The Unforgettable Djerba Experience: The Tunisian Island of Djerba, Tucked in the Heart of the Mediterranean Sea, Is an Oasis of Peace and Respite for the Restless and the Bold. Josephine Akarue Reports

Article excerpt

In the beginning was an island: pure and unexplored. Tall, graceful palm trees sway in rhythmic motion to the soft rustle of sea breeze, whilst the sweet fragrance of olives and jasmine, mingled with the aroma of fish, waft through the warm, humid air. Now and again, the gentle waves cascade over the white, sandy shores, leaving behind small treasures of shells and seaweed. Here, in the idyllic embrace of sun and sea, sprang a beautiful island, nestled in the curves of the Tunisian East Coast. Welcome to the stunning Island of Djerba.

In every sense, this island offers a sweet sense of adventure for the bold and the restless. Indeed, ancient history recalls that Ulysses, the great hero of the Odyssey fame, visited this seductive Island, home to wild camels, horses, crocodiles, flamingoes as well as the honey sweet fruit, lotos. While the lotos provided a sweet relief to parched throats, Ulysses and his companions found the island very enthralling.

Over its one thousand years of existence, this island has gradually shed its innocence but maintained its pure beauty. Today, it has metamorphosed into a place rich in tradition and urban sophistication. Obviously, time and space have replaced its innocence with a matured elegance.

From the sandy white beaches overlooking the Mediterranean, to the fringes of the sand dunes, deep in the heart of the island, each patch of Djerba offers an opportunity of adventure and exploration. In the words of a tourist, this island with its beauty and tradition, is an "ode to laid-back living". Simply put, it is an idyllic escape from the noise and stress of urban life.



Ironically, it is not just the unhurried pace and the soft sea breeze that makes it so captivating. One reason why it has remained so irresistible and endearing is the vast contrasts and peculiar architecture it has. Its dome-shaped roofs and cube-like structures are deep reflections of its strong Arabic influence. Of course, its international airport and well-laid out boulevards make it easily accessible by air or land.

As you step out of the plane at the Djerba Zarzis international airport, the warm air embraces you. In summer, you are likely to encounter numerous tourists and holiday-makers, just as eager as you are to explore this island. But in winter, the human traffic thins out and you find yourself completing immigration formalities in record time. Now, you are set to begin one holiday you are not likely to forget in a hurry.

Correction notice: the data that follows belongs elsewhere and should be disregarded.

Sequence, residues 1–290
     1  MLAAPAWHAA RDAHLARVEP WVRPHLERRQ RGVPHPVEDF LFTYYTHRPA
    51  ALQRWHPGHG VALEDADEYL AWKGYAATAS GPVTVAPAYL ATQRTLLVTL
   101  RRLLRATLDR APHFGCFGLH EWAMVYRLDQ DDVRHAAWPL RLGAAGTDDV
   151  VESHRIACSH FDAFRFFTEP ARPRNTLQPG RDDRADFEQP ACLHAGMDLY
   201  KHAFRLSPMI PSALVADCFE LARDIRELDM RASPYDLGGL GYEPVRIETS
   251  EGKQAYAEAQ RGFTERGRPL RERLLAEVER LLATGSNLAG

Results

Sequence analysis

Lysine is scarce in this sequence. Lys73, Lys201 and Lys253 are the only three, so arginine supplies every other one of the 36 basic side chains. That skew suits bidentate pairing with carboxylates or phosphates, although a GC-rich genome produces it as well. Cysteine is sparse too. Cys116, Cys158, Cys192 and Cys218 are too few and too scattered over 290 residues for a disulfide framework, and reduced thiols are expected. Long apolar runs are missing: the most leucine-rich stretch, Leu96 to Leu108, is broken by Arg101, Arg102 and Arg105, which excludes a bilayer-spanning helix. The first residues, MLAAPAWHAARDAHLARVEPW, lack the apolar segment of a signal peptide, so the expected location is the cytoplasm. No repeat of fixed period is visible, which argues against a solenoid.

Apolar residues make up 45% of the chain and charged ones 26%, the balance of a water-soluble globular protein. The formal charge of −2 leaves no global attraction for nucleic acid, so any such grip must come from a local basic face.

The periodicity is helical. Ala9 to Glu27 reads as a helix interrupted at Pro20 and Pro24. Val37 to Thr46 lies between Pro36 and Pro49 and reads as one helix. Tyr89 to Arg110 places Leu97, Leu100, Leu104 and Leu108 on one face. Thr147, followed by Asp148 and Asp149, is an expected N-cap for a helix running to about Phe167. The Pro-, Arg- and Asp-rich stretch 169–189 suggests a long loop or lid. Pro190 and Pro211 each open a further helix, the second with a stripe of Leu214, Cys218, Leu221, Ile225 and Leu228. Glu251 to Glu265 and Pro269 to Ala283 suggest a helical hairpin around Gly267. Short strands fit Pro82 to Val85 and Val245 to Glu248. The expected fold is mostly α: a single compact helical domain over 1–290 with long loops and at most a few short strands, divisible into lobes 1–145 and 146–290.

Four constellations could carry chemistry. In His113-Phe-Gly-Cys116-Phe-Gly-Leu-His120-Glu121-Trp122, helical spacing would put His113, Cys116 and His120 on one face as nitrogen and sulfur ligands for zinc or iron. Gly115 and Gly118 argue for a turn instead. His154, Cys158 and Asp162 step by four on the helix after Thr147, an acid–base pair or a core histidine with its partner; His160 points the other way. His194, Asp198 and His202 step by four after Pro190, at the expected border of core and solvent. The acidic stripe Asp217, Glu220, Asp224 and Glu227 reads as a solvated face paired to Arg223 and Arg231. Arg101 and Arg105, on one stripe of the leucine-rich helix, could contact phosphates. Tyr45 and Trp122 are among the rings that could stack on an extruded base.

Your guide quickly tells you that you have a myriad of choice hotels to pick from. If you seek authenticity with a blend of the traditional and modern, you are likely to fall for the Hotel de Charme 'Dar Dhiafa' in Djerba.

Just as the name implies, its elegance and architecture provide a charming welcome to the travel-weary guest, looking for something unique. Here again, there is the heavy influence of the Arab-Andalusian palaces from which many of the island's settlers migrated. This luxury, interlaced with originality revealed in its rocky fences and dome-shaped chalets, are reflections of its strong ties with its roots.

Yet, at dawn, these pale into insignificance. The strong aroma of freshly brewed tea or coffee and the chirping of early morning birds heighten your excitement. Outside, the bouquet of flowers and their rich fragrance awaken your anticipation of the adventure that lies ahead.

You could choose to start your day just after breakfast so you have sufficient time to explore all the interesting sights. Some, such as the Fort El Kebir and Fort El Kastil, are gifts from the deep past and silent witnesses of Djerba's turbulent history. But as you make your way along the hallway and cobbled corridors, what strikes you most is the sheer determination and resilience that was nailed into every stone.

The Sultan of Tunis, Ghazi Mustapha originally constructed the Fort El Kebir, also known as the Borj Ghazi Mustapha, around the 15th century. …


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